The present invention relates generally to radiation therapy systems and, more particularly, to a table for supporting a sample, such as a patient, in a radiation therapy scanner during a radiation therapy procedure. Even more particularly, the present invention relates to a two-piece pallet assembly for a patient table, wherein opposing ends of the pallet assembly are laterally adjustable.

BACKGROUND OF THE INVENTION

Medical diagnostic imaging and scanner systems such as magnetic resonance imaging (MRI) apparatus, X-ray machines, positron emission tomography (PET) scanners, and computer tomography (CT) scanners are well known. Such machines are quite popular as a tool for providing images of internal portions of patients for diagnosis of medical conditions, such as internal injuries, cancerous tumors and the like. Owing to good quality tomographic images with low dosage X-ray radiation, the CT scanner has become especially well accepted by the medical profession for examining patients and diagnosing medical conditions.

An annular gantry normally supports many of the components of a CT scanner and includes an outer ring secured to a stand and an inner ring mounted for rotation within the outer ring. During a scanning procedure, a pallet of a patient table is extended through the center of the gantry and the inner ring is rotated about the pallet. A patient lies on the pallet within the center of the gantry during the scanning procedure. The components supported by the gantry can include an x-ray tube for providing the x-ray beam, one or more high voltage power supplies, balancing weights, a data acquisition module, and a bank of detectors diametrically opposed from the x-ray source. At least some of these components are secured in the inner ring for rotation therewith.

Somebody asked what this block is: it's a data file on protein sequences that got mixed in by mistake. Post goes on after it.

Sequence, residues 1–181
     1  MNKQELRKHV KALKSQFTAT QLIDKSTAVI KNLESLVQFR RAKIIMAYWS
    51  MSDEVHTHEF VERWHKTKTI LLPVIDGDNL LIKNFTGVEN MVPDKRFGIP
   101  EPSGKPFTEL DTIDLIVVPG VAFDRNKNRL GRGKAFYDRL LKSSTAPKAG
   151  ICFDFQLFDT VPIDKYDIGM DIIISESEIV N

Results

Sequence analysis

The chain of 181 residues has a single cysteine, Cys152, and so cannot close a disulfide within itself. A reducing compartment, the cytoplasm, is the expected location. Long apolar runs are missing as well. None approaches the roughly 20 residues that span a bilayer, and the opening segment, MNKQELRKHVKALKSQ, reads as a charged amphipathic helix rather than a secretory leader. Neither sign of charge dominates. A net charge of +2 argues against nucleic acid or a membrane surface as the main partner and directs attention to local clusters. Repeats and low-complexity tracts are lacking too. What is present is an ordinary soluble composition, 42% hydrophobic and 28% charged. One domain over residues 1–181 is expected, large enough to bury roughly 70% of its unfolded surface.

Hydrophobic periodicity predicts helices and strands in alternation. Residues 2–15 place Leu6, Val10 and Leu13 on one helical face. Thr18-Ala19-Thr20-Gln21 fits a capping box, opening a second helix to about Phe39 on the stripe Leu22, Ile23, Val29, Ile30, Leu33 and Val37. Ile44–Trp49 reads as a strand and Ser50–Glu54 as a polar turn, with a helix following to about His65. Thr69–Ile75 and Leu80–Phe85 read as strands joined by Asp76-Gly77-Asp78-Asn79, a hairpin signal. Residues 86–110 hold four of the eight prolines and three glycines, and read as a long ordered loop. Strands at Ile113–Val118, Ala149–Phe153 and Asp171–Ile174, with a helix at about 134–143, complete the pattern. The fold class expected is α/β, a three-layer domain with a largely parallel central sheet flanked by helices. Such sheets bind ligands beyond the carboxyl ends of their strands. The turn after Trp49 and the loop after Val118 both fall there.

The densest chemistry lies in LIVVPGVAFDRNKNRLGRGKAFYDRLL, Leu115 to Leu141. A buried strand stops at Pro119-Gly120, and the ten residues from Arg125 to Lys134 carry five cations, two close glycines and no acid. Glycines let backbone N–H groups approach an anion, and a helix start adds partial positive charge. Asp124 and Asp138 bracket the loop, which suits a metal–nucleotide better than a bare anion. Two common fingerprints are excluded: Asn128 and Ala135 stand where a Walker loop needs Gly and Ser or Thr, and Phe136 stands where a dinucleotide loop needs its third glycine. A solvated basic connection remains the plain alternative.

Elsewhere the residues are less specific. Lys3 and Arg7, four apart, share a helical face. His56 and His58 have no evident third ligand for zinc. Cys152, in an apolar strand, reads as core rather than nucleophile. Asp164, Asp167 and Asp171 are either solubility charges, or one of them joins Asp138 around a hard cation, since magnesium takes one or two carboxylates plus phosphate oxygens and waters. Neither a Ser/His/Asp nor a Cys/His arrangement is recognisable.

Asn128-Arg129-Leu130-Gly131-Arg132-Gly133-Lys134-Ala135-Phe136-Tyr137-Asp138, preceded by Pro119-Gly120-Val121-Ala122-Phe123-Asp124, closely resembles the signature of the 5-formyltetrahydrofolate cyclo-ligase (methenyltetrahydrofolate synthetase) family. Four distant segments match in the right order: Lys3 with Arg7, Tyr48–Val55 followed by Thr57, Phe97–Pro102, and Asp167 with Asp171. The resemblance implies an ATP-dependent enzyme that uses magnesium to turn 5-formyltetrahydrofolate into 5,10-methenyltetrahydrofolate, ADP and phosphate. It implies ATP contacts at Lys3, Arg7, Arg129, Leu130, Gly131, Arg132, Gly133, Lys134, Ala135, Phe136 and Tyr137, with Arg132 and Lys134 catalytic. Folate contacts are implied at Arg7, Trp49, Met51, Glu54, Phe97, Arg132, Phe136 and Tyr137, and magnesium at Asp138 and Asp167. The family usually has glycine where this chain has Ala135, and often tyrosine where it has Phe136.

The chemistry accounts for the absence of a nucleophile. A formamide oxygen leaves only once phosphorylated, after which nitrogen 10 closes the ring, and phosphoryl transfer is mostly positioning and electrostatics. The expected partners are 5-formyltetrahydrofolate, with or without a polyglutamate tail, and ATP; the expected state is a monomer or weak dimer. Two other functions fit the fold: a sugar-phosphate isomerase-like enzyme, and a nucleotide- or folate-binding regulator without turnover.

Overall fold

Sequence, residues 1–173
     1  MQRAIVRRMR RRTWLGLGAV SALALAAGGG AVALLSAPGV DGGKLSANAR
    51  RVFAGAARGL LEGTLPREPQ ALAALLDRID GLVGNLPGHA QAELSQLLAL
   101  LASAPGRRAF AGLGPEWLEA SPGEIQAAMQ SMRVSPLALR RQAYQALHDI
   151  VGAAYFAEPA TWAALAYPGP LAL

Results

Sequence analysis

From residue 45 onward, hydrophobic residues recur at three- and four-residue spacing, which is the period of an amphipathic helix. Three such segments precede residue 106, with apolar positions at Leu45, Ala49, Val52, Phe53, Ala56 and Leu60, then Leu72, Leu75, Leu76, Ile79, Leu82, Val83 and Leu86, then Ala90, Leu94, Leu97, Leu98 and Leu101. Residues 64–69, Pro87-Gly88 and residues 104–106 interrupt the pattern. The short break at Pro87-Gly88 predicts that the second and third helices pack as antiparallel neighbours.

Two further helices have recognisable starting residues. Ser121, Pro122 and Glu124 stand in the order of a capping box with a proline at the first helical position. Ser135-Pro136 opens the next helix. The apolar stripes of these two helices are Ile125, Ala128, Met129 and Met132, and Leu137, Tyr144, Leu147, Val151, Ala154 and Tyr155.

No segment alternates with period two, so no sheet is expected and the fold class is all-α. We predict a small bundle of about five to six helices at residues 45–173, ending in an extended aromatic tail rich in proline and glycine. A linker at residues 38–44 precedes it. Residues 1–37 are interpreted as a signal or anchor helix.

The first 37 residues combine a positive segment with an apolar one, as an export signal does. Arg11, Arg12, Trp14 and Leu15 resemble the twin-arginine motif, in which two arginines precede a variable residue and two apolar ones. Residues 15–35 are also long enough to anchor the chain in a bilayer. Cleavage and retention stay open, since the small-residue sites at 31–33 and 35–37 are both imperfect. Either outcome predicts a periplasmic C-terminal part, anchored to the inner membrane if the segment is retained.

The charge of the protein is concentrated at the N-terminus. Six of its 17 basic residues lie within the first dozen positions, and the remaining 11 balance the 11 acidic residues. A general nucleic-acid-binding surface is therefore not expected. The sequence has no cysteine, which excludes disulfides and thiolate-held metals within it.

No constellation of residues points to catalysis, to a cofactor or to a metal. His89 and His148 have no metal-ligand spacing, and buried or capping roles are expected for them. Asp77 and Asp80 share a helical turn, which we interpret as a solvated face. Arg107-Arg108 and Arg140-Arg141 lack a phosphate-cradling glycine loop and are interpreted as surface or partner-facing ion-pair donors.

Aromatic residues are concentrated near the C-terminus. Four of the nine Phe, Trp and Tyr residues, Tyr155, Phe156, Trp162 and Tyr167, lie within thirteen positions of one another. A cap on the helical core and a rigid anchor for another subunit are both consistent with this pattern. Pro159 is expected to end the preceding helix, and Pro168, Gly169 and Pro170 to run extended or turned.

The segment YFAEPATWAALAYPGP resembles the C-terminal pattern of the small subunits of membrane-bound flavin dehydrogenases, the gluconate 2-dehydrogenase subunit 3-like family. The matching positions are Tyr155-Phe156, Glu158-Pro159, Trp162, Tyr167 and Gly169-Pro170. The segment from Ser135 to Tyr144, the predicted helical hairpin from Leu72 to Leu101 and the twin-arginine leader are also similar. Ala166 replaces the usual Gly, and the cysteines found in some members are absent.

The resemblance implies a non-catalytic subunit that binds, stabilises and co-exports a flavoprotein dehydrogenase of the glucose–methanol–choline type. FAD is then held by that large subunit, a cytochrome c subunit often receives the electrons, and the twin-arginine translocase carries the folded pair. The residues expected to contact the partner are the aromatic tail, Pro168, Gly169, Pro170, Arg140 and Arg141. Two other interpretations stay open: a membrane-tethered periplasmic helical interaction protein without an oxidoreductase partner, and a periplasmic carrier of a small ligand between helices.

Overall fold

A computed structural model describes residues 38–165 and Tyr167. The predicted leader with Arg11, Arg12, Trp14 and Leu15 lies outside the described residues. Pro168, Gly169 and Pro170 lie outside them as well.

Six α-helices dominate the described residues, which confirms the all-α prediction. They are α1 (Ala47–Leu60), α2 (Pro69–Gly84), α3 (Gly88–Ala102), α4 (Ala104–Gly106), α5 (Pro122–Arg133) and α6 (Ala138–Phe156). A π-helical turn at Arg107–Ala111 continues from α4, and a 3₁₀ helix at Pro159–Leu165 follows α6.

In order to obtain tomographic images of a patient with a CT scanner or X-ray CT apparatus, it is necessary that the patient be located exactly at a predetermined position inside the opening of an annular scan gantry of the apparatus. For this reason, such apparatus has been provided with a patient handling couch or table which has a table assembly that is moveable vertically to be in line with an axis of rotation of the scan gantry (such that a longitudinal center line of the patient table is in alignment with the axis of rotation of the scan gantry), and a pallet that supports the patient and is moveable horizontally, or axially in and out of the scan gantry, parallel with the axis of rotation.

Tomotherapy is a new way to deliver radiation treatment for cancer. It delivers a very sophisticated form of IMRT, or intensity modulated radiotherapy, and integrates treatment planning, patient positioning, and treatment delivery in one system. Radiation is one of the most effective cancer treatments available. It works by damaging the cells it strikes: when the cancer cells are damaged enough, they will die. But what happens to healthy cells that are struck by the radiation beam? The key factor for radiotherapy is that healthy cells can repair themselves better than cancer cells. That's why radiotherapy treatments are divided into many treatments, or fractions, over several weeks. Delivering a little radiation to the tumor area every day gives healthy cells time to recover between each session, while causing unrepairable damage to more and more cancer cells.

Radiation treatment is also usually directed at the tumor from several different directions, so that more radiation is targeted on the tumor, but a lesser dose is spread over the surrounding healthy tissue. Even though normal tissue can recover from exposure to radiation, there are often side effects, and of course too much radiation can damage normal tissue beyond repair. Until recently, it was very difficult for doctors to deliver enough radiation to kill a tumor without causing painful or debilitating side effects. Some side effects might go away once the treatment is complete, but others could continue to affect quality of life for years.

Of course, one of the goals of any radiation therapy is to avoid healthy tissue as much as possible, but some healthy cells will be damaged by the radiation treatment. So doctors and scientists have begun to look for better ways to deliver enough radiation to the tumor, while sparing normal tissue as much as possible. One of the most promising methods is IMRT, or intensity modulated radiotherapy.